Advanced Underwriting Consultants

Question of the Day – June 13

Ask the Experts!

Here’s the question of the day.

Question:  My client owns a MEC life insurance policy that she wants to exchange for an immediate annuity.  What are the tax consequences of doing so?

Answer:  The exchange of a life contract for an annuity is tax-free under Code Section 1035.  That’s true whether it’s a “regular” life contract being traded for an annuity or a MEC that’s being traded.

If a MEC is traded for a SPIA, there’s no tax recognition at the time of transfer.  Each of the SPIA payments will each be partly a recovery of basis (based on the basis from the MEC life policy) and partly ordinary income.

The ordinary income portion of the payments will also be subject to the 10% penalty tax if the taxpayer is younger than 59 ½ and if the SPIA payout period is for a duration shorter than the taxpayer’s life expectancy.

Have a question for the professionals at AUC?  Feel welcome to submit it by email.  We may post your question and the answer as the question of the day.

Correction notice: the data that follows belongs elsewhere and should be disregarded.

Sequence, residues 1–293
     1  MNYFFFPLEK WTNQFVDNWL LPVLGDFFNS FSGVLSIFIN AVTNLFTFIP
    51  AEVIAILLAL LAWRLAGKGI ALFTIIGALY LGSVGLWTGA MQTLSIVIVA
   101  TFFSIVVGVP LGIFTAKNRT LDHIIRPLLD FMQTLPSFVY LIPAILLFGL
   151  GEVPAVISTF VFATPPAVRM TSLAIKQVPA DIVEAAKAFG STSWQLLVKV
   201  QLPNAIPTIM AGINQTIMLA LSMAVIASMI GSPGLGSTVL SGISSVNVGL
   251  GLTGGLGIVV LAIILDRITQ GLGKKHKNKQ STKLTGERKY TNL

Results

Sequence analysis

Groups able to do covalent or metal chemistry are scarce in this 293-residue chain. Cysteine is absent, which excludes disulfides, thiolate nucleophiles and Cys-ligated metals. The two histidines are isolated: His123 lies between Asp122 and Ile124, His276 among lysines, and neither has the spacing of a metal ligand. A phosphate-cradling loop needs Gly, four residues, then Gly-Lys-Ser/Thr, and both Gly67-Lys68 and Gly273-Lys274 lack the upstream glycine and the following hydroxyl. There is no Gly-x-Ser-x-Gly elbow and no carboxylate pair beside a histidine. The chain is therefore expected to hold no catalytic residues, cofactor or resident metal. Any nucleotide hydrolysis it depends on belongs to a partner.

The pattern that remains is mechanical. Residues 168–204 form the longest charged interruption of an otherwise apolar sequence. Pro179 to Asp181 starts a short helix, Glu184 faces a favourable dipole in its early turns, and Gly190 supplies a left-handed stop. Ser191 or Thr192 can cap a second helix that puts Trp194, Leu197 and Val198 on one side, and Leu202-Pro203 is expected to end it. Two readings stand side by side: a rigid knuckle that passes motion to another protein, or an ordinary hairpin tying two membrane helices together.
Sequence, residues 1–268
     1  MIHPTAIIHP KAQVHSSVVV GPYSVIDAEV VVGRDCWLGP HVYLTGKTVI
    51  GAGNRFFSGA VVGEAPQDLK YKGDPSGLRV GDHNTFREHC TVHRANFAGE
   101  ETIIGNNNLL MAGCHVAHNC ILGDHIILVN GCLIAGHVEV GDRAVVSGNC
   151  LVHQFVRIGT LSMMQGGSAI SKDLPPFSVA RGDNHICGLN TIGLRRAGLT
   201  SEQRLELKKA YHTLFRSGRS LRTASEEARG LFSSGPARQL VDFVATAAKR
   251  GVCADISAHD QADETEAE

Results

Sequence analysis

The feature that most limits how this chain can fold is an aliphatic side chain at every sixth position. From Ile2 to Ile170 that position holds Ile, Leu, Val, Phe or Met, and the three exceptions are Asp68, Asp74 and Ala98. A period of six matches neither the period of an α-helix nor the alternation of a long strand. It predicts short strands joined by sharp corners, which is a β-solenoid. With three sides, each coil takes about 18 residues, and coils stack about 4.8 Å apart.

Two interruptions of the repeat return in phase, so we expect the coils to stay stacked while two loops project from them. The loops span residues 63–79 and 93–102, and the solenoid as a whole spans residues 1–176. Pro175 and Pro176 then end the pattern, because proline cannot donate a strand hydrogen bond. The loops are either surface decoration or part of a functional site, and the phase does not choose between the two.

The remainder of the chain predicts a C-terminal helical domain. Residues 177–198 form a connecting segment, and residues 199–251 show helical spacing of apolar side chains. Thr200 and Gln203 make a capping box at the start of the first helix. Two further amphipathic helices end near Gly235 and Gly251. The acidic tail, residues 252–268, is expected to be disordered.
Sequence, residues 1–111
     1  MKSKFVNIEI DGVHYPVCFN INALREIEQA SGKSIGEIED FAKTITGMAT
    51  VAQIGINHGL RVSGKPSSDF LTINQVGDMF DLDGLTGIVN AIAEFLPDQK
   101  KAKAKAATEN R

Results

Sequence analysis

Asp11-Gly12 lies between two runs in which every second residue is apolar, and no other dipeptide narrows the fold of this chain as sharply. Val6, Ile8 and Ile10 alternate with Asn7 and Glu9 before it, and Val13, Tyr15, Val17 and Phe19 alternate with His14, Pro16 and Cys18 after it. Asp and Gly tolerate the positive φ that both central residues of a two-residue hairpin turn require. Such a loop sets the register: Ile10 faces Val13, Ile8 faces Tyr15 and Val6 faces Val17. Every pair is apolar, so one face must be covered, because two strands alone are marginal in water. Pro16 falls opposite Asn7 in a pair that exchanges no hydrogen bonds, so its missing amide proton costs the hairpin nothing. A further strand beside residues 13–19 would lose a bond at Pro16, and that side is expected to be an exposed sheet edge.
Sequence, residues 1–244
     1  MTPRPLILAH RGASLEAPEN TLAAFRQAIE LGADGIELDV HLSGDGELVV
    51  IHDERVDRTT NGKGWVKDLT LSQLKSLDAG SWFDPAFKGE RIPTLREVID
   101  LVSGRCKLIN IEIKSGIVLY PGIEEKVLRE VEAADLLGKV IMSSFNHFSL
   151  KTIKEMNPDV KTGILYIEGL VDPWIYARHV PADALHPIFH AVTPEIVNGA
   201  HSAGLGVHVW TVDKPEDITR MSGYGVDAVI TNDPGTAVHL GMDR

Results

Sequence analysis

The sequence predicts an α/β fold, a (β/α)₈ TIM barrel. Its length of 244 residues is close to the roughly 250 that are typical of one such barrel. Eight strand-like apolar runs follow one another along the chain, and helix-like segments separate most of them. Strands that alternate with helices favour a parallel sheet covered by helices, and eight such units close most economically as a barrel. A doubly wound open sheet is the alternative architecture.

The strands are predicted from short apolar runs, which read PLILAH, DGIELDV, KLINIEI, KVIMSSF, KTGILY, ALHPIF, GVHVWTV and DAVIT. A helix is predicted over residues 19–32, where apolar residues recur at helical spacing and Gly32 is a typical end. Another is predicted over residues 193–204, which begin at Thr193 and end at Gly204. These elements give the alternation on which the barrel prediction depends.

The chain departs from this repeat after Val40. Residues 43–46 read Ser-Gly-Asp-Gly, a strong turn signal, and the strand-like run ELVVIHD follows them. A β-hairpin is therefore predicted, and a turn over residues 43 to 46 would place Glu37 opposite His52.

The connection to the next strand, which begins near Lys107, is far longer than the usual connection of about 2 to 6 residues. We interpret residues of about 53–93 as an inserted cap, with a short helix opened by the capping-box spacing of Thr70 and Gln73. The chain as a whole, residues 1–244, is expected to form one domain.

Question of the Day – December 19

Ask the Experts!

Here’s the question of the day.

Question: My client wants to make a gift of an income stream to his grandchild.  The client intends to make a $50,000 deposit into a five year certain SPIA, and assign the income stream to the grandchild.  The SPIA payments are about $12,000 per year.  What are the gift tax consequences of the plan?

Answer: Clearly, the client is making a taxable gift to the grandchild.  The only issue is whether it’s a gift of $50,000 in year one, or annual gifts of $12,000 in years one through five

If the client assigns all rights to the SPIA to the beneficiary at the beginning of the SPIA term, the present value of the income stream–$50,000—will be treated as a taxable gift in year one.  Since the gift would be in excess of the annual exclusion amount ($13,000 in 2011 and 2012), the client would need to fill out a federal gift tax return.

If the client instead kept the right to the SPIA payments himself, but after receiving them turned them over to the grandchild, the client would be making annual gifts of $12,000 each year to the grandchild.  If the client made no other gifts to the grandchild, the gifts would qualify for the annual gift tax exclusion.  No gift tax return would be required.

If the client follows the second path, the client will get the income tax result associated with the immediate annuity payments.  If the first path is followed, it’s the grandchild who recognizes taxable income on the annuity payments.

Have a question for the professionals at AUC?  Feel welcome to submit it by email.  We may post your question and the answer as the question of the day.